Hasn't every little girl wished she could have been a princess or queen and been rescued by a knight in his shining armor? Being a queen sounds like so much fun, having servants, and lady's maids, people waiting on you, men admiring you.
By Presumably William Scrots - wartburg.edu, Public Domain, https://commons.wikimedia.org/w/index.php?curid=686176
The Spanish Armada has been defeated but he fears that they could try again. What better way than to remove the queen?
So William Cecil keeps a spy ring that infiltrates wealthy homes, churches, businesses, and reaches into other countries. He's like the modern day James
Bond or maybe better yet, Bond's boss, "M". He is always one step ahead of the enemy and the assassination attempts.
By Hans Eworth - World Wide Web, sorry, I can't remember the exact page, Public Domain, https://commons.wikimedia.org/w/index.php?curid=629102
|Mary of the Scots|
By François Clouet - YQExprz3sIBJ8A at Google Cultural Institute maximum zoom level, Public Domain, https://commons.wikimedia.org/w/index.php?curid=22127280
William Cecil realized the threat which Mary still held and wanted her executed. With much convincing Elizabeth agrees but then withdraws that agreement. Cecil has left and whether he chooses not acknowledge Elizabeth's decision not to execute her cousin or whether he really doesn't receive the note, he moves forward and has Mary put to death. I have read that there is question if Elizabeth really wanted the decision taken out of her hands so didn't radically pursue things when she withdrew the right to execute Mary. Whether that is just folklore or truth I don't know. I've read both. But the one thing we know is Elizabeth is so distraught when Cecil returns and tells her it is too late, Mary is dead. Elizabeth is full of grief and probably guilt. She turns that anger on William Cecil, her long time friend, companion, and chief advistor. She can't execute him but what she does do perhaps was worse for William. She removed him from his position and power. William Cecil, the man who had saved his queen 7 times, who had infiltrated so many enemy homes and businesses, no longer held any political power.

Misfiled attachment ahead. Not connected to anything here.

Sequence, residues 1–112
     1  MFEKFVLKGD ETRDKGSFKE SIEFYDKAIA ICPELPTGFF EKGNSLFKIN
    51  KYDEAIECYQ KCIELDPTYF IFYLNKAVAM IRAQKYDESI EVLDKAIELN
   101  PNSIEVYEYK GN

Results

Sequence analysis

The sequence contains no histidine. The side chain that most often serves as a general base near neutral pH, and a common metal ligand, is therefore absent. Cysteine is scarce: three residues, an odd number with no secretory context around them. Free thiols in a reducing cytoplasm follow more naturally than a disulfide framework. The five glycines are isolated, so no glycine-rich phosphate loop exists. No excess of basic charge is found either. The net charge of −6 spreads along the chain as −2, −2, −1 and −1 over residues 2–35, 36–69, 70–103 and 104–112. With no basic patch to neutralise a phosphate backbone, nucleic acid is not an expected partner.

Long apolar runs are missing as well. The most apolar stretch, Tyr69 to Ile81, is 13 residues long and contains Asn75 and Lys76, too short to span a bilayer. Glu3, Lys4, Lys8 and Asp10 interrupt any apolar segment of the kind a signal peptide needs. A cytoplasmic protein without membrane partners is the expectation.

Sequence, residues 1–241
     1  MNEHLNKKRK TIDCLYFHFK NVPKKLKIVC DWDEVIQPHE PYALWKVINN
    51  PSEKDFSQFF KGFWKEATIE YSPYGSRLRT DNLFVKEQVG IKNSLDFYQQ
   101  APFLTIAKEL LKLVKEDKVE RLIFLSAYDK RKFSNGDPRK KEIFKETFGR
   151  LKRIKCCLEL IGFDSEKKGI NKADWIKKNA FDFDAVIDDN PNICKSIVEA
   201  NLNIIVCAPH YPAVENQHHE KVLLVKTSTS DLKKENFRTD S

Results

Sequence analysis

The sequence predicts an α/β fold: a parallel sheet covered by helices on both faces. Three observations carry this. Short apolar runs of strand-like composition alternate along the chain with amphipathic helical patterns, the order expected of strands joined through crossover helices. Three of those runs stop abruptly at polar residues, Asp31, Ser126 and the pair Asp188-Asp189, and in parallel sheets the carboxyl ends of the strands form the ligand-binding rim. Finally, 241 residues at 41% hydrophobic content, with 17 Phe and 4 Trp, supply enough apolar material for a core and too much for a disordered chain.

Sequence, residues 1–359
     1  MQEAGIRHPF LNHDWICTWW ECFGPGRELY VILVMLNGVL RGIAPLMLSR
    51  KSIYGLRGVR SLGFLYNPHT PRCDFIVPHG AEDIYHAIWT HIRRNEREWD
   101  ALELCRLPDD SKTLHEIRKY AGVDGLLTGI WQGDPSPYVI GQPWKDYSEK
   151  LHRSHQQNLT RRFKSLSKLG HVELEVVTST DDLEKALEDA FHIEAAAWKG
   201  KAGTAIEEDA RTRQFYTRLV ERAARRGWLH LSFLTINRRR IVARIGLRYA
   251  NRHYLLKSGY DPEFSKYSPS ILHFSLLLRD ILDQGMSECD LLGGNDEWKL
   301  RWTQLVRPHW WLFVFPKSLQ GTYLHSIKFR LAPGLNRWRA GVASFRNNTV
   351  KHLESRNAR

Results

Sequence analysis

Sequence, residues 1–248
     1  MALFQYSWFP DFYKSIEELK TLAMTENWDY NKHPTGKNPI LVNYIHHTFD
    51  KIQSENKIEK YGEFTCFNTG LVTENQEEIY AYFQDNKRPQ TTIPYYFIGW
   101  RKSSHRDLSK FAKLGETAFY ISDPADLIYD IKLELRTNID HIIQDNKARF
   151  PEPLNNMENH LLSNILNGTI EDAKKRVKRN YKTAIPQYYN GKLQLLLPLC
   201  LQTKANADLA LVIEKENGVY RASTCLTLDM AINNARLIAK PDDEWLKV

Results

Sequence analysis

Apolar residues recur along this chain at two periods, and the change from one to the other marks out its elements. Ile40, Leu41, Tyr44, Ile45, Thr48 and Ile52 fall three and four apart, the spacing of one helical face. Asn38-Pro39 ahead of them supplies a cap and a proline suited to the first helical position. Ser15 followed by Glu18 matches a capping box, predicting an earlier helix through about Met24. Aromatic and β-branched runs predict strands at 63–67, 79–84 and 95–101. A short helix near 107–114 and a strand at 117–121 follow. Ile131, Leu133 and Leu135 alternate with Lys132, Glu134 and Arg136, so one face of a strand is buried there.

But Willaim Cecil was a cunning man and he knew that there were only 2 men in England that were fit for that job and he made a point to see that the other man received the position--Robert Cecil, his son. Robert would end up being even more shrewd and even devious than his father.
Debbie Lynne Costello is the author of Sword of Forgiveness, Amazon's #1 seller for Historical Christian Romance. She has enjoyed writing stories since she was eight years old. She raised her family and then embarked on her own career of writing the stories that had been begging to be told. She and her husband have four children and live in upstate South Carolina with their 5 horses, 3 dogs, a miniature donkey, and 10 peking ducks.
Penelope Beatty made up her mind long ago she would live and die a Scottish warrior not a wife. But when nearly all her clan is killed and she is betrayed, she loathes doing the unthinkable, but must seek the help of an Englishman who owed her father’s his life.
Thomas Godfrey never married, but when a Scottish warrior lass shows up needing his aid, he finds her both annoying and irresistible. But the last thing he wants is to marry a woman who fights alongside him. If he was going to marry—which he isn’t—it would be to a soft, submissive woman. But when the Lady Brithwin meets the Scottish lass, she’s sure she’s found the perfect match for Thomas and nothing is going to stop her from seeing a summer wedding.